....my guess is Trump (he NEEDS a trade deal).

There was a debt problem - at some stage it had to become obvious that the US debt was unrepayable - more so with time. So you could expect a disruptive something - turned out to be Trump. Can he organise it so the US can still buy cheap-labour/low regulation shyte, earned by cutting each other's hair and serving each other coffee? I don't think so. He's presiding over an aging collection of infrastructure, an ever-less skilled workforce and his one way to keep the Empire afloat, is to use the military before it becomes outdated. Why would someone in that situation want a deal?

To get re-elected....

Its all about Trump not the American people.

As long as the US is the worlds reserve currency their debt doesn’t really matter. If that changes, watch the gigantic implosion.

Newspaper headline from Uk last night seems to sum it up?
" Trump.... 'crazy like a fox' "

I don't think Trump is crazy - just out of his depth.

That's unfair on foxes, they are very smart animals

Maybe, but things aren't all that rosy with the Chinese economy either

BadRobot, a very pertinent comment.
I suspect that China is capable of absorbing more pain whereas Joe Citizen Americans are more likely to become disgruntled with increasing prices (due to imposed taxes) and downturn in economy, loss of jobs.
With elections next year Trump will not only be looking to a resolution but a very definite and great win.
How will we and the American electorate know that it is a great win? Trump will tell us in repeated tweets.
My prediction - quite possibly no resolution much before additional tariffs due mid December to enable a pick up in the economy prior to elections in November. Given Trump campaigned on "Make America Great Again" and jobs he will not be able to go into the elections with a poorly performing economy. Chinese government has no such accountability.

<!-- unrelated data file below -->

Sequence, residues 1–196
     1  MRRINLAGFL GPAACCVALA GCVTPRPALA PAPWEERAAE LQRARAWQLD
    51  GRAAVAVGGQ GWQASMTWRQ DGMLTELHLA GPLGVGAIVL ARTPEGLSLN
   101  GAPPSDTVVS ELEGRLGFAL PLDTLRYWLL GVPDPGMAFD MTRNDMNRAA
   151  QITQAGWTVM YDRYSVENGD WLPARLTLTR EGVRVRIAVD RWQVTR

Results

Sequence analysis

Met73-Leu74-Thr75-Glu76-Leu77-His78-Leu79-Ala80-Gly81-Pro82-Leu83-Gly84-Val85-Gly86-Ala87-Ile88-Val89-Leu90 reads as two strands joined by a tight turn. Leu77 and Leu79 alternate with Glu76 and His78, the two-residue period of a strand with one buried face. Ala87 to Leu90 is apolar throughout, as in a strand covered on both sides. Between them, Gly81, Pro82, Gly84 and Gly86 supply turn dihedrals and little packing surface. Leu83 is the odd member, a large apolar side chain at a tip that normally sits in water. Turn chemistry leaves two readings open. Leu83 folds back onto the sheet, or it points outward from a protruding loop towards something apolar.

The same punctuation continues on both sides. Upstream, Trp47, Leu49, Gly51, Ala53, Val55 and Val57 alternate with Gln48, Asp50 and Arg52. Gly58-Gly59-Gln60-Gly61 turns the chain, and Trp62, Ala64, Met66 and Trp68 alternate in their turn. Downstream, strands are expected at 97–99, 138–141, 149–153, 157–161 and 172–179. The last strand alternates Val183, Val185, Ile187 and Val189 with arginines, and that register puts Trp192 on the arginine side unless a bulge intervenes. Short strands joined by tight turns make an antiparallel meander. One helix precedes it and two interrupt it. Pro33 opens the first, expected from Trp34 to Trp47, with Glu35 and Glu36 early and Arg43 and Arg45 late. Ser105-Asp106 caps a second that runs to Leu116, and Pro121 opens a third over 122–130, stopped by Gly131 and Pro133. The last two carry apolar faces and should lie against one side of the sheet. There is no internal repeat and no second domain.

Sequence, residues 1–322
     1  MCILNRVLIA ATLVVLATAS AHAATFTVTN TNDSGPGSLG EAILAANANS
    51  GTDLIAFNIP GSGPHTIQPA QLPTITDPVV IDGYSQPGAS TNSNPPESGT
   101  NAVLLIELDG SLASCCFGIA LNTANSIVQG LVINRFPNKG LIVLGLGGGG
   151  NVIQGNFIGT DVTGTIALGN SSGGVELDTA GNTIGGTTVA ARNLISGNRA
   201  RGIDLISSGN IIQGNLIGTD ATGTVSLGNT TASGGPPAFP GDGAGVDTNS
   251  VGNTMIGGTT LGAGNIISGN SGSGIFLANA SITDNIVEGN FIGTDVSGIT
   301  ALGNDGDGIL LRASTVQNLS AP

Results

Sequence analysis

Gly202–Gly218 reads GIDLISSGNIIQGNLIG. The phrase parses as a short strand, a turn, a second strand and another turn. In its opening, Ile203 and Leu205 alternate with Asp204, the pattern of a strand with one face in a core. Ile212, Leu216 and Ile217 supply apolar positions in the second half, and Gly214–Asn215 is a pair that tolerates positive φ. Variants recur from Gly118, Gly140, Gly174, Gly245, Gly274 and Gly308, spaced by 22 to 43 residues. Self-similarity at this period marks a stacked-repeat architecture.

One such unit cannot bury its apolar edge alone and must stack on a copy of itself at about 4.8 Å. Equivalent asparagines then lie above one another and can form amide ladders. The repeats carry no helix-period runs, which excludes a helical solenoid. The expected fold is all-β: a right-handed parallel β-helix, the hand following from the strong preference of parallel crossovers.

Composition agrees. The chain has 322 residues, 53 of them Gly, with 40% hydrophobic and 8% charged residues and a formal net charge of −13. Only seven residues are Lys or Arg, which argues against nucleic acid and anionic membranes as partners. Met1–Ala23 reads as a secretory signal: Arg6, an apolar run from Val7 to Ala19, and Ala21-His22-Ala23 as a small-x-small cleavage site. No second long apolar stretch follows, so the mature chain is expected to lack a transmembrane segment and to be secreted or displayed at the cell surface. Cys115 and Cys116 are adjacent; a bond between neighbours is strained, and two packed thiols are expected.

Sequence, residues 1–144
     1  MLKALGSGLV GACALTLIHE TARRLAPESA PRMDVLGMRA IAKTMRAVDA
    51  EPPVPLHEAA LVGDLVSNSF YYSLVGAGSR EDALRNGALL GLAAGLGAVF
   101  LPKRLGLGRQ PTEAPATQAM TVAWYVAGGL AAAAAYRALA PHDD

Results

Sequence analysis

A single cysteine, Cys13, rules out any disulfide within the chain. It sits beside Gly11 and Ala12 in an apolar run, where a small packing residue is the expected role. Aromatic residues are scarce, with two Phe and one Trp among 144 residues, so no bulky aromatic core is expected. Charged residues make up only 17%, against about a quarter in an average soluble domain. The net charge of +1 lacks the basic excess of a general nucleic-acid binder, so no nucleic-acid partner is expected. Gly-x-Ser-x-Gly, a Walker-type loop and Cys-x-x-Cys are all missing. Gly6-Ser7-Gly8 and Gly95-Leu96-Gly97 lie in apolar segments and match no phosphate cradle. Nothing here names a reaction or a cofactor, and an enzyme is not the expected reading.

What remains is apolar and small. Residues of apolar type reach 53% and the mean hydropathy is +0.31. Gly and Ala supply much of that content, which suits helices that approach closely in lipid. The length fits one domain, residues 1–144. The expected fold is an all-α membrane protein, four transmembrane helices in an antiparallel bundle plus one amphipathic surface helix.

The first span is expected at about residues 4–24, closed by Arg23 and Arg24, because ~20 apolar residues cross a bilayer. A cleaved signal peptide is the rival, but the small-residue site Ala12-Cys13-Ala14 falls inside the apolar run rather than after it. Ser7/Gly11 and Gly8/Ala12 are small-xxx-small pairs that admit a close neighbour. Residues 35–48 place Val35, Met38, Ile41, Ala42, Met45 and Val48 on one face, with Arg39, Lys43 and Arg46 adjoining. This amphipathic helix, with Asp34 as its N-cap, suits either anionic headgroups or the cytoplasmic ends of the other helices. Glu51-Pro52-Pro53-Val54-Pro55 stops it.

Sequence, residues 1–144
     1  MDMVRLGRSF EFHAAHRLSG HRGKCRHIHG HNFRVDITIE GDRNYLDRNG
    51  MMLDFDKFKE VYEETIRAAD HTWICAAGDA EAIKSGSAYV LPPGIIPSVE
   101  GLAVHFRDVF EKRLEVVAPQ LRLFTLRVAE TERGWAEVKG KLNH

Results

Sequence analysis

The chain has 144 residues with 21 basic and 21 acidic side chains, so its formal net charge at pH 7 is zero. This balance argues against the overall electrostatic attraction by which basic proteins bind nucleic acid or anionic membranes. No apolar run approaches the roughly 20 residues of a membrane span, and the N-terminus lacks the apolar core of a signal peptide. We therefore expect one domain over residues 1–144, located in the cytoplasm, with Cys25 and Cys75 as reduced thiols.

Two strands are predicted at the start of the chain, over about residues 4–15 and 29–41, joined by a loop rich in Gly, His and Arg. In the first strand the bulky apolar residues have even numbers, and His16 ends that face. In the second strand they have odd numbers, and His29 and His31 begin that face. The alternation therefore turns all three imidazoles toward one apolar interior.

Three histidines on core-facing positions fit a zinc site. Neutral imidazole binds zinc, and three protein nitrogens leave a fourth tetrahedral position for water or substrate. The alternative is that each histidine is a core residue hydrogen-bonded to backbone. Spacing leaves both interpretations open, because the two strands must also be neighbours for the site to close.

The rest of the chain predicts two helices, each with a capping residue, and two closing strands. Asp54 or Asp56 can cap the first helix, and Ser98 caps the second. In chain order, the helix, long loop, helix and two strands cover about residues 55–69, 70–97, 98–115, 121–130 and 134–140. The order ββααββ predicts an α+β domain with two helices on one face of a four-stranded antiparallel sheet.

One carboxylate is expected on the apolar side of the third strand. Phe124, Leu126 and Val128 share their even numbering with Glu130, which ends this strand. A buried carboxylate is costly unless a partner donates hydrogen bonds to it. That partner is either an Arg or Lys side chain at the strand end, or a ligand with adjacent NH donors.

Exactly.

"This is the greatest win. We've never had a win like this before. I remember my uncle, he was a scientist, he was good on the nuclear. I understand the nuclear. But he told me, we were getting beat by China, China was all over us. Now we're wining. This is a great win for America. Now we need to put a nuclear bomb in a hurricane for more win."

I assume thats the latest from Trump?

https://www.resilience.org/stories/2019-08-26/the-future-of-technologica...

The writer gets most of it, but still has the outdated view that oil prices will rise with demand. That is better addressed by this - worth reading twice:
https://ourfiniteworld.com/2019/08/22/debunking-lower-oil-supply-will-ra...

Then apply it to global interest-rates and real growth (not GDP - that just tracks the increase in computer-held digits while avoiding resource depletion) and factor in entropy. Then you arrive at a permanently-inverted 'yield curve' - due to the reducing bet-opportunities 'going forward'.

As Bank of America writes in "anatomy of two gold bull markets", in comparing the gold bull markets in 2008 and 2018, real rates remain key price drivers, while a critical difference in market dynamics - this time around - is that central banks have been unable to reflate global economies and even as metrics like the value and proportion of negative yielding assets has been increasing, further easing is on the cards. Linked to that, Bank of America makes a stunning admissions: "the risk of quantitative failure, which was not a concern in 2008, makes gold an attractive asset." Link

Fat fingas ! . Sorry .

. TP !

Clare Curran is to retire from politics at the next election .. 12 years of being very well paid to babble incoherently is enough for the tax payer to bear ..

. . more free time to have lunches with Carol ...

Up and down like a kids swing the markets go ............ truth is that while markets may seem reasonably priced on the cost of borrowing , they are at historic highs in relation to PE ratios , at , in some cases 20 to 30 or higher is just plain crazy .

The market has to adjust , its just a matter of time, irrespective of Donald Trump ( although he may chivvy the process along) .